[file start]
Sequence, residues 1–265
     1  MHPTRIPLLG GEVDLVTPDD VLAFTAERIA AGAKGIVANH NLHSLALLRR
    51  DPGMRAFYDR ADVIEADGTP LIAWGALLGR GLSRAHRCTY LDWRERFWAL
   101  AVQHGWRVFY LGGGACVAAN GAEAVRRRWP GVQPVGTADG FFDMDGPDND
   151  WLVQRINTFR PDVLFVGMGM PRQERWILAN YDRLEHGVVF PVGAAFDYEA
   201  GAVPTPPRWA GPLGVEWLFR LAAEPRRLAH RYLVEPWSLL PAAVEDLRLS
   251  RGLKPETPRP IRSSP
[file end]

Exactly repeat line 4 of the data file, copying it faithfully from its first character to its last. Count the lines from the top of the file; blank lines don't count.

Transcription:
   101  AVQHGWRVFY LGGGACVAAN GAEAVRRRWP GVQPVGTADG FFDMDGPDND